So, that explained why the bolts were wrong and the wires were messed up, but didn’t help with the issue. We called the dealer that replaced the parts, they simply said it was because the car would not start. Back to diagnosing, I started checking into what was done at the other dealer. That lead me to checking the ECM coding. VW modules have different “programming” based on equipment. This ECM has what is known as long coding. It is 7-10 bytes, each has 8 bits. The 8 bits are represented by 2 characters(confused yet?).

The ECM installed in the car did not match the the number of bytes that is had when it was built. It might sound like a bad thing, but now I have something to go with. It was time to call VW technical help line. It is what we use when we need more help fixing cars. I wrote a post about what happens when a mechanic can’t fix your car a while back. It talks more about tech line. 😉 I called the folks at VW. After going through the basics, I told them what I found with the coding. I was on hold for about 10 minutes. The guy from tech line came back and said, “Forget about the coding, if you had looked at the part numbers, you should have known they were different”. Basically telling me I should have known it was fine.

He gave me some some things to check, and got rid of me as fast as possible. It was the classic, “Get him off the phone because I don’t want to deal with this problem.” The best part was, the test he gave me made NO sense. It would be like testing the battery to figure out why a tire is flat. After an annoying conversation with tech line, I decided to repair the bad wiring and go from there. During the entire time of working on this car, I could not shake the feeling that the ECM was the problem. There are times when it is cut and dry the module is bad, but MOST of the time it is a dice roll.

After fixing the wires, I was pretty much back to square 1. I loaded up the repair manual and spent some trying to find the common issue. VW repair manuals are populated by VIN. They should be specific to the car. Wanting to make sure I had all my bases covered, I started doing more wire checking. As I am looking at the wiring diagram, I find wires missing.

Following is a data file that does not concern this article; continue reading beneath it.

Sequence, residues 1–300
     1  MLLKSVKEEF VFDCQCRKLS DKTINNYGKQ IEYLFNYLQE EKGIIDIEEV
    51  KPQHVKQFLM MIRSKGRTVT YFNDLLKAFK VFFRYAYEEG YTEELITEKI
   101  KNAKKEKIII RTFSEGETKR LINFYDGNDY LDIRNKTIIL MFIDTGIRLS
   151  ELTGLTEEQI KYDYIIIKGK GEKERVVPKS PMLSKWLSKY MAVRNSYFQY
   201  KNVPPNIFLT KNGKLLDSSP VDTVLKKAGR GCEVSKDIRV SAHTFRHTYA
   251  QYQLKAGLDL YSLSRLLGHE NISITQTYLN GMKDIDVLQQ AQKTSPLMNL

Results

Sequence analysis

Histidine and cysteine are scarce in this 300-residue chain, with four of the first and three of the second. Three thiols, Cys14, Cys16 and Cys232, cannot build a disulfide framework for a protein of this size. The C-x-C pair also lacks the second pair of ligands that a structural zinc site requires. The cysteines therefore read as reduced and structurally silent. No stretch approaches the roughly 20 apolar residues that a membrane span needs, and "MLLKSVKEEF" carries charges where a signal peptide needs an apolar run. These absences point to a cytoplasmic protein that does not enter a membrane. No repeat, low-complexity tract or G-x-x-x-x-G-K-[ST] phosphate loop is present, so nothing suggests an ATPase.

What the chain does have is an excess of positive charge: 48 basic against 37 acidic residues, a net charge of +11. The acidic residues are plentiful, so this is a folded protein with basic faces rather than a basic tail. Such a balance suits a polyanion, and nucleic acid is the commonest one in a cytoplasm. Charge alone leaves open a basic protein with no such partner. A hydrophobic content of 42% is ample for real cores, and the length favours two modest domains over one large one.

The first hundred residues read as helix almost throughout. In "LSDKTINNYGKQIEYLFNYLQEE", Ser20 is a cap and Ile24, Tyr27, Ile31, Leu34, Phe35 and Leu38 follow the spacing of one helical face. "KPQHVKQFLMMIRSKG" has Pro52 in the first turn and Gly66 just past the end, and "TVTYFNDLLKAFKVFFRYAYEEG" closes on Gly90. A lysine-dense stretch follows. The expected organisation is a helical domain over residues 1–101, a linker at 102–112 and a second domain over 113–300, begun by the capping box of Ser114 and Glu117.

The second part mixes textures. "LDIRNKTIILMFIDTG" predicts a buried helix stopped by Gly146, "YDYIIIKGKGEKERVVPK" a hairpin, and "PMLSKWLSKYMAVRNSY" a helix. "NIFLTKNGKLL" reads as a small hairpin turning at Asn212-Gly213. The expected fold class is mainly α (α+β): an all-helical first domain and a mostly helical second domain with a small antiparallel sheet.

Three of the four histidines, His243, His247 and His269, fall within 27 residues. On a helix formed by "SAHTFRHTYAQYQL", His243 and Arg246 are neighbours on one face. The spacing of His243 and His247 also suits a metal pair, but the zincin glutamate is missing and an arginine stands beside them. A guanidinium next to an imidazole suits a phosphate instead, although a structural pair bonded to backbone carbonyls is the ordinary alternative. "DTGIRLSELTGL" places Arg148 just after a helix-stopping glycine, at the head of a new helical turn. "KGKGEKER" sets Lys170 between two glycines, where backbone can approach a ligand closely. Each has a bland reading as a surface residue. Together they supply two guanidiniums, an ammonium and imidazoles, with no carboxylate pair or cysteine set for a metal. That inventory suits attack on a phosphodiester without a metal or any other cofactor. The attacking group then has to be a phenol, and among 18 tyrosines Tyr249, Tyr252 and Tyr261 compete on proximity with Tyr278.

TADA~ wires are missing. Wait, how can wiring be missing? It turns out, the wiring diagram for that car is WRONG!!! The car was built 10/10, but the wiring harness must have come from the future. The diagram matched a car built 12/10. Thanks wrong information. Now with the proper information, I found that ECM was not sending the signal out properly. Ordered 1 ECM. I will update when the part comes in.

So what lessons can we learn here?

  • Well, I know I could have shaved some time off this diagnosis, by focusing on 1 issue at a time. I was sort of all over the place with it.
  • There are times when information is WRONG. (I am still mad about this)
  • checking history is important
  • Go with your gut. This is the most important part of the whole list!!!

Well, there you have it folks, a tough day for a mechanic. YIKES! Don’t forget to follow me on Facebook and Twitter. I prefer twitter, but I am on both a fair amount. I wish that FB would fix their mobile interface.

If you want me to stop complaining about fixing cars, click one of the share buttons below. That will show me 😉

A friend of mine posted this article today. It is a story about the government making a “black box” mandatory in all new cars. I like to talk about conspiracies as much as anyone, but I don’t want you to think I am scaring anyone! While Alex Jones is not the one that wrote the article, I need to be clear about my feelings before we get rolling. I am not much a Jones supporter. I think he gets it right sometimes, but usually hypes things up and promotes fear mongering. I am not down with that. Ok, with that out of the way, lets move on.

The post states

Section 31406 of Senate Bill 1813 (known as MAP-21), calls for “Mandatory Event Data Recorders” to be installed in all new automobiles and legislates for civil penalties to be imposed against individuals for failing to do so